- Talk about your track record. If you have a proven history of running successful events with high-caliber speakers and attendees, mention that in your outreach email. This will instill confidence that your organization will run a professional event.
- Share social proof. Include testimonials from speakers, sponsors, or attendees from prior events.
- Provide a call to action. Let your invitee know their next step if they want to be involved. The CTA could be as simple as replying to your email.
Remember to keep your message concise. Don't bombard your invitee with a long essay or dense blocks of text. Instead, try to make your ask in a few short paragraphs.
Choosing a virtual event platform
An event platform can make or break your event.
After spending months planning your event and investing thousands of dollars, the last thing you (or your speakers, sponsors, and attendees) want are technical glitches and mistakes. They make you and your brand look bad.
Meeting and webinar tools are not built to accommodate the scale of or provide the control required for a full-fledged virtual event. Instead, consider a virtual event platform.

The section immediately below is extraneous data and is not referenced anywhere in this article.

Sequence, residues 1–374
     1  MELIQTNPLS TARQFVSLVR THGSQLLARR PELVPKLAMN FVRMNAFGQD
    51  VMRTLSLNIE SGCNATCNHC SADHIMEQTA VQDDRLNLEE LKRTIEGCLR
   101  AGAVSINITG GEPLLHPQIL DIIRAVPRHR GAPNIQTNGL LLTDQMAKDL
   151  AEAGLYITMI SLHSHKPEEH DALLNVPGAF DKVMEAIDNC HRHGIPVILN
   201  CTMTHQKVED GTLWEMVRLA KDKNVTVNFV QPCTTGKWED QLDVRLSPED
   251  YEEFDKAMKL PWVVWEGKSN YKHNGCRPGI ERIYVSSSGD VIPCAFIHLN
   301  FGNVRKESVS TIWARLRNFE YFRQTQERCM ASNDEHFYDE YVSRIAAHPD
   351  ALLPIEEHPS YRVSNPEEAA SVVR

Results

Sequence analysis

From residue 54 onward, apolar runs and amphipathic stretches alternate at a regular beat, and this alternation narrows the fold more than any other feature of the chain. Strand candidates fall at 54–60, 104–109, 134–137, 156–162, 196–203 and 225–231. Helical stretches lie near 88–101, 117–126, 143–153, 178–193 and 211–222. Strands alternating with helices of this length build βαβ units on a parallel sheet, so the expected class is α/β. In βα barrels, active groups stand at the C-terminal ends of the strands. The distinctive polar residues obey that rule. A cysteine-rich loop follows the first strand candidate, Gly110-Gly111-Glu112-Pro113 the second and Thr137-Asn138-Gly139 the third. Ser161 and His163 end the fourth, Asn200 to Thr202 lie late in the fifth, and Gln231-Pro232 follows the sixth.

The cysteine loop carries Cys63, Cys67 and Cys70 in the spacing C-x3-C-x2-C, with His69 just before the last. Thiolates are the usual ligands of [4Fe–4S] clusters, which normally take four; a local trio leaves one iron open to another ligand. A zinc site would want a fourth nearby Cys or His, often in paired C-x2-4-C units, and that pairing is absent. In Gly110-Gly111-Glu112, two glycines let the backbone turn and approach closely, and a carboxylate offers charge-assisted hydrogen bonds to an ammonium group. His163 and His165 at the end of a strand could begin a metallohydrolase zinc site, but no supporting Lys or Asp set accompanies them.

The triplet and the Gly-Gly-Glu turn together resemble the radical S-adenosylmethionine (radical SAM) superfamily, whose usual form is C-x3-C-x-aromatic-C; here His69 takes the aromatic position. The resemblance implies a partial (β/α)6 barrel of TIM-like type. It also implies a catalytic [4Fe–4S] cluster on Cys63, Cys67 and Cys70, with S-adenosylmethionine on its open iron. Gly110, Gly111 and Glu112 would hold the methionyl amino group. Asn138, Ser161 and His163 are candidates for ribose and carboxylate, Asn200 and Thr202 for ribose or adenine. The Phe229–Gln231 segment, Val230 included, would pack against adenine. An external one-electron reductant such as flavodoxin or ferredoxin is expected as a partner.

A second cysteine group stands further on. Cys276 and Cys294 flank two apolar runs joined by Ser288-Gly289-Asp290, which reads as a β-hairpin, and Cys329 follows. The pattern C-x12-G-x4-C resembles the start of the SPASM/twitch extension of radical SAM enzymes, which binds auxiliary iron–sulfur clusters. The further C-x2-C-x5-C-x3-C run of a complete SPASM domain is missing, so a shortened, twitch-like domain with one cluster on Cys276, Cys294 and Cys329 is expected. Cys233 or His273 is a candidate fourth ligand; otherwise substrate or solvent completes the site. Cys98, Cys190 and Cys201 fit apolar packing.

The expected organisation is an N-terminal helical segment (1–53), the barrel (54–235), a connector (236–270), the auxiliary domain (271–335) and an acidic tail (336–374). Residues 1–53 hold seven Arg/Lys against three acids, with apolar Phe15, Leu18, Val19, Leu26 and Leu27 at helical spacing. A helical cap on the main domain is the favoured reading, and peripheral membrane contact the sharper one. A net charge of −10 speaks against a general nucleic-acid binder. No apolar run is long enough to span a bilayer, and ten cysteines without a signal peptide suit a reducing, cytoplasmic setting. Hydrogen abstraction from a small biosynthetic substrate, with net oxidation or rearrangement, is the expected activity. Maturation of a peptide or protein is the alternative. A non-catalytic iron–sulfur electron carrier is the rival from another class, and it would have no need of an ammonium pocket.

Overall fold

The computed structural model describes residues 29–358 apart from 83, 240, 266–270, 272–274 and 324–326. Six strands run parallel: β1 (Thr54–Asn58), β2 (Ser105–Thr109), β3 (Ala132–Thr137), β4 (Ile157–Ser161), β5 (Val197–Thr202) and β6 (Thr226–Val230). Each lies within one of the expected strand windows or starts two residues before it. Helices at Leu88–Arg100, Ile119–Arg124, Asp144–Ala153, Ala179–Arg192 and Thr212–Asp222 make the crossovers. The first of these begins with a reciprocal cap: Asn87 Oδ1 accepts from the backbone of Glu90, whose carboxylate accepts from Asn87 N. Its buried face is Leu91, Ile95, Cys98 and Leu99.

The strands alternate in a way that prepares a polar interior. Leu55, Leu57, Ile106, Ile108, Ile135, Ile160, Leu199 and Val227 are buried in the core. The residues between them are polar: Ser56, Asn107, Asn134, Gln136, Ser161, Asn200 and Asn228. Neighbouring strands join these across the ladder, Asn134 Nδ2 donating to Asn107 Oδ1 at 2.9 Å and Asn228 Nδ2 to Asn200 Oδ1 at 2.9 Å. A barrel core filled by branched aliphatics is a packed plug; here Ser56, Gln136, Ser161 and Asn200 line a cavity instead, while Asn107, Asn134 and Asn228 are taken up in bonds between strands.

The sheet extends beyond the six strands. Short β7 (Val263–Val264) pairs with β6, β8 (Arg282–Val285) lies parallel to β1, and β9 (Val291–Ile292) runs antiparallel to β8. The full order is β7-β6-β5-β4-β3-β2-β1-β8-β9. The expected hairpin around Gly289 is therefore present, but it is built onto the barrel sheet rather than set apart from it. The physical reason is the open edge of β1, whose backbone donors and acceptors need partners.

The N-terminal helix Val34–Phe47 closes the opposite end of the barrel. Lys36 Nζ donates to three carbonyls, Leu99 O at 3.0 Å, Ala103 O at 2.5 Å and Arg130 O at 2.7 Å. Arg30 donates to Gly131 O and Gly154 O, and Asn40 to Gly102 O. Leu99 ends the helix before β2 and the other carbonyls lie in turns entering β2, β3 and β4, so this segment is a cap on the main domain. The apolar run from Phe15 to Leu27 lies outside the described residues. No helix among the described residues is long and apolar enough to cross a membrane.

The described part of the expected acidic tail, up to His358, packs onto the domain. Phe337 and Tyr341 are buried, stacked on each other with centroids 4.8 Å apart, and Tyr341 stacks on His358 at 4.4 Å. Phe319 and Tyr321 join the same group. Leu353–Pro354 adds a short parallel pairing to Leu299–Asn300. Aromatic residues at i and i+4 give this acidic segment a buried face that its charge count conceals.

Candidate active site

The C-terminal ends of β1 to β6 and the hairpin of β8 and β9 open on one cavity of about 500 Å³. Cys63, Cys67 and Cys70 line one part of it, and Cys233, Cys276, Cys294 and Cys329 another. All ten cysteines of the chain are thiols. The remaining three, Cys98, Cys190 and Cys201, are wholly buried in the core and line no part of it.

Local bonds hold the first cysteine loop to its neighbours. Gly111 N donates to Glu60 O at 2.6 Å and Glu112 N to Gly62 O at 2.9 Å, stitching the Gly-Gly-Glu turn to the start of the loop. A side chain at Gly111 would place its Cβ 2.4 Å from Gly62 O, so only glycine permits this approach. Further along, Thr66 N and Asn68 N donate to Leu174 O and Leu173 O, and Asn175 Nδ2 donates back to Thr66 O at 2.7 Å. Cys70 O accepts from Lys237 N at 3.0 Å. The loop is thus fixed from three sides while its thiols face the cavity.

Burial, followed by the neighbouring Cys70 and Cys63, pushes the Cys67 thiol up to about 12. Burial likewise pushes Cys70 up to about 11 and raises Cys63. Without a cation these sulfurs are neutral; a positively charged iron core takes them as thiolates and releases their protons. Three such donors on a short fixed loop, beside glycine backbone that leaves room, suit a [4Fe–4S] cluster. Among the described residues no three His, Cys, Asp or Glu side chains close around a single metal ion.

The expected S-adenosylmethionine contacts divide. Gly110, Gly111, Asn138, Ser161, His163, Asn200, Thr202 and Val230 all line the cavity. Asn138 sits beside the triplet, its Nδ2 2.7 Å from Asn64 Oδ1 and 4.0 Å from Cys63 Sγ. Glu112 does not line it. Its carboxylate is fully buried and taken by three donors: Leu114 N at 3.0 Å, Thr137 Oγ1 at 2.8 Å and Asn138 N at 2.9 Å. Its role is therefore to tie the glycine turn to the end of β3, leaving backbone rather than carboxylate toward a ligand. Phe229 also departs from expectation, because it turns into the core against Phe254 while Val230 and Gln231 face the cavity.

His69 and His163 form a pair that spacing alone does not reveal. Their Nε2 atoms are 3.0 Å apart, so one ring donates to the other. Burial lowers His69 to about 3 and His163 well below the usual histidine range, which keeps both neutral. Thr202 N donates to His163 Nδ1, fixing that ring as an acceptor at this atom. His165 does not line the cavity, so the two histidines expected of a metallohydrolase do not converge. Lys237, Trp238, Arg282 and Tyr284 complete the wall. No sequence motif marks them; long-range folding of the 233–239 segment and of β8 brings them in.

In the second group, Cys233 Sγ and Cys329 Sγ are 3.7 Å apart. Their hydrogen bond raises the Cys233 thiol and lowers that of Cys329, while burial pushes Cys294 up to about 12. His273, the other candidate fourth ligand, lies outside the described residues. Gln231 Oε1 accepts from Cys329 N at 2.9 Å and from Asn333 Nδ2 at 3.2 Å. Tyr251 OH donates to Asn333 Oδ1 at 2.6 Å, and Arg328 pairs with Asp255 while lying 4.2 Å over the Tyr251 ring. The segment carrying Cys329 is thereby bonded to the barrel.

A virtual event platform allows you to build a single, branded event destination—with multiple virtual spaces for different types of content and engagement. It is the online equivalent of a physical event venue.
Compared to other video tools, a dedicated online event platform can:
- Accommodate vast audiences—potentially hundreds of thousands of people—without hiccups in performance.
- Unlock an interactive experience that goes above and beyond the typical webinar or video conference.
- Replicate the community and networking opportunities of an in-person event, allowing attendees to foster meaningful connections with fellow attendees.
- Enable you to fully customize a virtual venue to produce a branded experience.
Just as it is important to invest in a dedicated virtual event platform, it is also crucial to do the research to find the right virtual event platform for your needs.